Yeah, well, a hundred percent better. It just went really well, no, no' it was actually nice, and then obviously the hospital was that bit nicer, so, it was a pleasant experience, yeah.
And how would you describe the first, in relation to that?
Well, I mean, obviously' I was out of control, because you know, as you know, nobody really told me what was going on. I had issues like the, you know, in my notes later, I saw the consultant had spoken to the nursing staff at one o'clock in the day about possibly doing a caesarean. But nobody spoke to me, and it wasn't until seven o'clock so I struggled for twenty-seven hours, felt out of control. Obviously I did things like vomit a lot and things like that because it was such a nightmare. So obviously I had a very unpleasant time for myself, plus this, this epidural situation and plus then having an emergency operation, it's just, it's just horrible, so you know, I had a very pleasant experience in, in comparison.
And this is, this is an odd-sounding question, but did having the elective caesarean meet your expectations of what you thought it was going to be like?
It was more pleasant. I kind of thought I'd be more scared and, and you know, that, I don't know, I just' I suppose I had such bad memories of birth, it was pleasant, people talking, you could talk and, have a bit of a laugh even, I'm not joking, so it was pleasant, yeah, I remember we talked about, you know, we had a few jokes about names and daughters and, and it was just very pleasant, so that's nice [smiles].
However, not all women experienced their second caesarean more positively than their first. One woman said the birth of her second child had felt like a 'job to be done'. She remembered her first emergency caesarean more positively, though she thought having been under the effects of gas and air might have affected how she felt. Another woman, who had booked a planned caesarean for 3 days before her due date went into labour early and had to be delivered by emergency caesarean instead. She didn't feel mentally ready for the baby and experienced much worse pain than she'd had with her first, planned, caesarean.
The pain she felt after her emergency caesarean was much worse than after her previous section....
That was my next question really, if you compared the two experiences'?
'yeah, it was worse this'
'and was that the biggest difference, the pain, for you?
The pain, the pain and I think that, the pain and probably because there was no risk to [daughter's name] as such when you know, when I had an elective section, the reason I had that was because she was breech, she wasn't in any distress or anything like that. This time around, you know, I'd gone into labour and, which was fine, but the fact that the waters were a funny colour and then, and then obviously his heartbeat was dropping I think with each contraction, so it was quite' even thought they said it was a semi-emergency section, not, because you have, they have to fill out a form, class what they rate it as and you have to sign a consent form, so it was classed as a semi-emergency section. It, by the time we'd got into surgery, sorry, into the operating theatre, and I was actually on the bed, they were sort of, you could see that there was a little bit of panic going on, and the whole experience to me was more frightening and a lot more painful than the first time around. Everyone was more relaxed the first time around.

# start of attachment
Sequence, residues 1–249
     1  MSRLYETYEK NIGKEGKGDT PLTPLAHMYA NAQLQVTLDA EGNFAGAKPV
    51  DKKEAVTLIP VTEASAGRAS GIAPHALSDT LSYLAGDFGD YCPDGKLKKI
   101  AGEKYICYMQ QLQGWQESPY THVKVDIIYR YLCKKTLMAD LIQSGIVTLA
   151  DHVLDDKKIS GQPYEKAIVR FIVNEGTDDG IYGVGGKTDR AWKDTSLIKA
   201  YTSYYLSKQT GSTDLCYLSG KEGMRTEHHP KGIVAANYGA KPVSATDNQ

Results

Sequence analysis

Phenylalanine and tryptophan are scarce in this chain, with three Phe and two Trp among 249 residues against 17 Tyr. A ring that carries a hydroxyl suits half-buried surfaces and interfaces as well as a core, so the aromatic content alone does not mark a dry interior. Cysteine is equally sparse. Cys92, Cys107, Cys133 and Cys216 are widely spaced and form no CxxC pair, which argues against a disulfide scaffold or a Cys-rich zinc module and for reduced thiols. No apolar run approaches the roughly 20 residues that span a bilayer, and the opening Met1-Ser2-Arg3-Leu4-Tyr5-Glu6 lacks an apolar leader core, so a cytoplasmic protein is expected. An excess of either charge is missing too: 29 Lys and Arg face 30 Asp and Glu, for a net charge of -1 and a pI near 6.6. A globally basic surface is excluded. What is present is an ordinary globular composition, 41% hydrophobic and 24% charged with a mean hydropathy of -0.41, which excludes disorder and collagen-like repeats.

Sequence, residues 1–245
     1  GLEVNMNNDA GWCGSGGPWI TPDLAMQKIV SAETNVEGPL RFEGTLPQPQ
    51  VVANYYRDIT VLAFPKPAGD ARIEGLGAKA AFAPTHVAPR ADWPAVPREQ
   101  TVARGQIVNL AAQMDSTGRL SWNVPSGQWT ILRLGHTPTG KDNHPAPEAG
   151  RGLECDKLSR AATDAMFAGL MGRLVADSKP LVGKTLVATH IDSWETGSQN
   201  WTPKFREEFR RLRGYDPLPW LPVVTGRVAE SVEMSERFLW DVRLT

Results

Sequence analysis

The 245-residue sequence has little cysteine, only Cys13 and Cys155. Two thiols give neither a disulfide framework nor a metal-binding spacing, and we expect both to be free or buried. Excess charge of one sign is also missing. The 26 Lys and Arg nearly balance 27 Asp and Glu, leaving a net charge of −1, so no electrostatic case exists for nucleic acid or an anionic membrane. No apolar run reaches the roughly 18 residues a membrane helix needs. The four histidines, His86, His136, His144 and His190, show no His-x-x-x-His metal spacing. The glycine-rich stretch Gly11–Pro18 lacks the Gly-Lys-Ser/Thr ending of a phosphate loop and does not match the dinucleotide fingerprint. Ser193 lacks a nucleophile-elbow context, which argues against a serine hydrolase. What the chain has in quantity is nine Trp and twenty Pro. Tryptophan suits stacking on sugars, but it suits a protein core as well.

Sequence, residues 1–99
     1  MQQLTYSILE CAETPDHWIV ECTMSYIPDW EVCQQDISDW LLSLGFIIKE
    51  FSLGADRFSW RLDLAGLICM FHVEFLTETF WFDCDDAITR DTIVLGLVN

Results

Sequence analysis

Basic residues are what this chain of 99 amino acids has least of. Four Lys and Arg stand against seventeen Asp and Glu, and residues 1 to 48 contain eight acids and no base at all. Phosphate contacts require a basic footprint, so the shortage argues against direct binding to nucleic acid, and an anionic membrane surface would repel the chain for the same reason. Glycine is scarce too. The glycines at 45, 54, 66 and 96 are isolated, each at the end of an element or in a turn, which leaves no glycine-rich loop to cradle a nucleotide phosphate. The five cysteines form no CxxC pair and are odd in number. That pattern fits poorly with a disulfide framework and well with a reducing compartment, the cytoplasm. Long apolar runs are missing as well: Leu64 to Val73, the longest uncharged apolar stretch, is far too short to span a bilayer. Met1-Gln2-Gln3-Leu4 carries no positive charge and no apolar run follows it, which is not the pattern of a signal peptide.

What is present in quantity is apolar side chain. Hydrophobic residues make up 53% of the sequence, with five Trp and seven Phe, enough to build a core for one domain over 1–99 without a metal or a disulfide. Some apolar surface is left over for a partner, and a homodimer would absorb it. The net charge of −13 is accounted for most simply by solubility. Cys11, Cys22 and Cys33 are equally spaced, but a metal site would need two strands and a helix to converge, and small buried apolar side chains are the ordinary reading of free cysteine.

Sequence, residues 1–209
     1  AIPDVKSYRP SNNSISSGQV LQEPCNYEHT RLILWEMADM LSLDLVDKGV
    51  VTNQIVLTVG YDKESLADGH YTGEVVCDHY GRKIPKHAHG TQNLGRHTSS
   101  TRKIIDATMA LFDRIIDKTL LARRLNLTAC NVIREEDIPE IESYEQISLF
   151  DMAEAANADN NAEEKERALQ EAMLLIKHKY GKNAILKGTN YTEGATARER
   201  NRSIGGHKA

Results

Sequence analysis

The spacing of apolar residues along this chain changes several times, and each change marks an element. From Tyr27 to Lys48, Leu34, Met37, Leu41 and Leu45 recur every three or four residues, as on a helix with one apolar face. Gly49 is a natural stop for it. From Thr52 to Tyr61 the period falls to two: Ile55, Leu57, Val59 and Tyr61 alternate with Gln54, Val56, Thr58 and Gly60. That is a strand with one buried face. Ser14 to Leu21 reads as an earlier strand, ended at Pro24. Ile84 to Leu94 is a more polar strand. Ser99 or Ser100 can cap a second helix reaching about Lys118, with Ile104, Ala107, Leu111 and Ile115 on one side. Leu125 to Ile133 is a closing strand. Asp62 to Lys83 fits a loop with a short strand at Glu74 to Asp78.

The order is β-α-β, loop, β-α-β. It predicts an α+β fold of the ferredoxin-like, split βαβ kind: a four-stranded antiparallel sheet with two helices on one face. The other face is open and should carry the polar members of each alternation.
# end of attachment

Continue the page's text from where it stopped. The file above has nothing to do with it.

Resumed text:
This sounds an obvious question in view of what you've said, but in what ways was it different to what you expected it was going to be like, I mean, the whole thing was completely different to what you expected it to be?
I think probably the pain. I mean, obviously the first time around, I never had any pain with the epidural at all, no problems whatsoever, and that was absolutely horrendous, the pain of that, I can, I can still remember that now. The section itself, well, you know, once you're led down, it takes about five minutes for, five minutes I think for [baby's name] to be born and then it was longer to be stitched up, like I said. The, afterwards as well' I felt before, I was cared' before, the midwife stayed with me, went into the recovery room, she was' the midwife I had with [daughter's name] it was very, you know, she was there all my, you know, the whole time. Because this was a bank holiday weekend, and it was a Sunday, there was no continuity with the staff and I was put in a room afterwards that was made, as I say it was like a makeshift recovery room and the midwife that actually was there that had delivered, was there when [baby's name] was delivered, was sort of with me for half an hour, then went off for a coffee break, and then came back for half an hour and then finished her shift, and then someone else came in, who was only there half an hour to give me a wash, then someone else came in, then someone else. There was no continuity, where last time, I had' my midwife was there the whole time, right the way through until I actually went onto the ward, so I didn't have that this time round.
And how did that make you feel, having all these different people coming in?
Really unsettled actually, and really, almost like I was in the way and a real inconvenience because it happened over the bank holiday weekend.
Last reviewed August 2018.